In his heartbreaking Autobiography, John Stuart Mill wrote about his inability to “feel” the economy. “I was in a dull state of nerves,” Mill said.
This from Stephen T. Zilak’s interesting article “Haiku Economics”, which you can find here. I found Zilak attempting to find a poem that helped explain the current economy.
Lately, I have been reading numerous articles bemoaning this crisis’ lack of a Dorathea Lange, Woody Guthrie or John Steinbeck. If this recession is second only to the Great Depression, where are the new artists who will document as well as they did? Where are the folk songs? The photographs? Why has no one been able to capture the public mood in popular culture? Several great movies and books have come out about Iraq and Afghanistan, but nothing I can see about this Great Recession.
Thinking about this, I wondered why we still had to rely on Arthur Miller’s “Death of a Salesman” to discuss the idea of the American Dream. This morning, my wife and I discussed the dearth of new literature in the high school canon. In my generation, everyone across the country read “To Kill a Mockingbird” and “Death of a Salesman”. At the time, they were a mere twenty years old. The authors were alive and kicking; contemporary. For some reason, they did not need to be old to be considered classics.
Yet, thirty years later, students still read the same texts. This is not to condemn the canon–Shakespeare is still important–but to point out that no new writer has swept in for those students sitting in front of us. After a brief brainstorm, Sandra Cisneros’ “House on Mango Street” is all we could come up with (my wife offered Toni Morrison’s “Beloved” as common, but I’m not convinced it’s so universal). Both of these are from the ’80s (1984 and 1988, respectively), nearly thirty years old.
Has no one had anything to say about the American Dream since Arthur Miller? Is there a Willy Loman for the digital age? I know adapting texts for the curriculum is fraught with issues, from the concerns of the school board to nudging teachers entrenched in their curriculum, but that NO single text has made it in seems odd. My betting soul puts its money on Charles Frazier’s “Cold Mountain”, and I’d love for Daniel Woodrell’s “Winter’s Bone” to get tapped, but I don’t know.
In middle school, we’ve enjoyed more of a renaissance, in part because the “canon” of middle level literature was so thin, and those that were recognized as Literature (Capitol “L” as in Judy Blume, Robert Cormier, S.E. Hinton) were often deemed too controversial for universal inclusion. Then, in the 1990s, the genre took off, and we now have an embarrassment of riches. Literary crap has pushed content, so that “Gossip Girls” have made risky lifestyles acceptable independent reading, allowing great Literature like Laurie Halse Anderson’s “Speak” to be a common classroom text. “Hunger Games” has somehow slipped through, with twenty-four teens in a death match being offered to fifth graders as a page turner. While Peck and Paulsen classics still see their fill of controversy, teachers can point out the hundreds of school systems that have adopted them as a defense for them being culturally acceptable. Lois Lowry’s “The Giver” is well adapted, if controversial, with few students being able to claim having avoided it.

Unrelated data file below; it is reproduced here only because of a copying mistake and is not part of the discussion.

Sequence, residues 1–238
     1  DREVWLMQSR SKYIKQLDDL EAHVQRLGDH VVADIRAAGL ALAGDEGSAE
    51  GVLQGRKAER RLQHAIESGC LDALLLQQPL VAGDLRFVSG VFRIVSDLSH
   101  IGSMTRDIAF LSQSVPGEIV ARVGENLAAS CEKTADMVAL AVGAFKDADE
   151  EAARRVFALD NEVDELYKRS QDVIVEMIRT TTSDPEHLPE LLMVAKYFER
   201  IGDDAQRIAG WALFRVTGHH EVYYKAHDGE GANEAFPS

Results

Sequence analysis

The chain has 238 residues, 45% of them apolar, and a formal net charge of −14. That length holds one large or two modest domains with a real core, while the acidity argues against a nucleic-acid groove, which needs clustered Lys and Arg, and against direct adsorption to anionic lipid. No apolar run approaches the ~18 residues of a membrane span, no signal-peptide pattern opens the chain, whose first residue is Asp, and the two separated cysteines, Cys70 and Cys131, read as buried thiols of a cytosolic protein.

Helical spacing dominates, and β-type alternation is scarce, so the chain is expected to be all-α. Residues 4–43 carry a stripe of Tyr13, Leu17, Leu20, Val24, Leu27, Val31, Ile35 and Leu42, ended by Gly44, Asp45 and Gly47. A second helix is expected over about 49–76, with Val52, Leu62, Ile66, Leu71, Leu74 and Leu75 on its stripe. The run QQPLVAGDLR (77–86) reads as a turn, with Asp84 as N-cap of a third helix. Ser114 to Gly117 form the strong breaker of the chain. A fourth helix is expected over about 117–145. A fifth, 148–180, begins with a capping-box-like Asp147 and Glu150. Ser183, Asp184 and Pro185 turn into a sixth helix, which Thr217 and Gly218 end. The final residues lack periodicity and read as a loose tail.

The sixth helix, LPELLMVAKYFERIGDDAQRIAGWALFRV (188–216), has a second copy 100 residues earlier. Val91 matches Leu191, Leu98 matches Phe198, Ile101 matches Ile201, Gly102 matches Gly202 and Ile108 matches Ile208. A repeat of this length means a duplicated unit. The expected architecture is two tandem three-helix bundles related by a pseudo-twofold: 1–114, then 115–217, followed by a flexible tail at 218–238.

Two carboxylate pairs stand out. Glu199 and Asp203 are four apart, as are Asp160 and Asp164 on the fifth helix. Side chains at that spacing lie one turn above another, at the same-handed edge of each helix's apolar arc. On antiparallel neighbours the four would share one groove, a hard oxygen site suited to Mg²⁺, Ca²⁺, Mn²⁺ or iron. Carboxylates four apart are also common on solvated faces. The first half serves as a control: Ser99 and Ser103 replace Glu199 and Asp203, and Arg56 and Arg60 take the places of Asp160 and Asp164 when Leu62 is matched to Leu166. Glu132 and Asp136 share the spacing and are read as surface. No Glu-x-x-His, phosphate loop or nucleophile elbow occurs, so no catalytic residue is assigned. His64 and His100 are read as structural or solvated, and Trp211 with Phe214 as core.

This overabundance of books has muddled the already tenuous understanding of what Literature (capitol “L”) even is, and why it’s important. While high school teachers adhere a bit too much to the canon, not allowing in anything fresh, relevant and new to the UNIVERSAL canon (if there is any worth adopting), middle school teachers are adopting pulp and linking it to classroom worthiness.
Which brings me back to my original discussion of trying to find an artist who captures our current economic situation, one who is truly great Literature (capitol “L”) and who could be adopted universally for classrooms.
That, I think, comes down to feelings. While the struggles of Margaret, Jerry Renault and Melinda Sordino are personal, and emotional, and connect with students in a very real way, they say less about the larger culture or political times they live in as Scout or Willy Loman do. What can you say about Melinda Sordino and the American Dream, beyond the theme of rape and voice (hugely important, and I understand nothing is more political than one’s body, and safety is part of the American Dream, but it’s not socioeconomic)?
Only some of the dystopian literature gets at the political issues, but many are not particularly deep or even well written. Where can we feel poverty without it being written off as history (“Man, it sucked being in the Great Depression, but we’re okay now”)? The future, for all its warnings and lessons, is just as distant (“Man, that will never happen.”)
If Basho did indeed say of haikus, “less is more, and more is better!” than this post is the anti-haiku. More being less? That so much was inspired by three lines….
Besides the economics, focus on feelings. Reading Zilak, get ideas, and run with it. What does poverty feel like? Get your hands dirty.
Then, write a poem.
Mother of inflated hope,
Mistress of despair!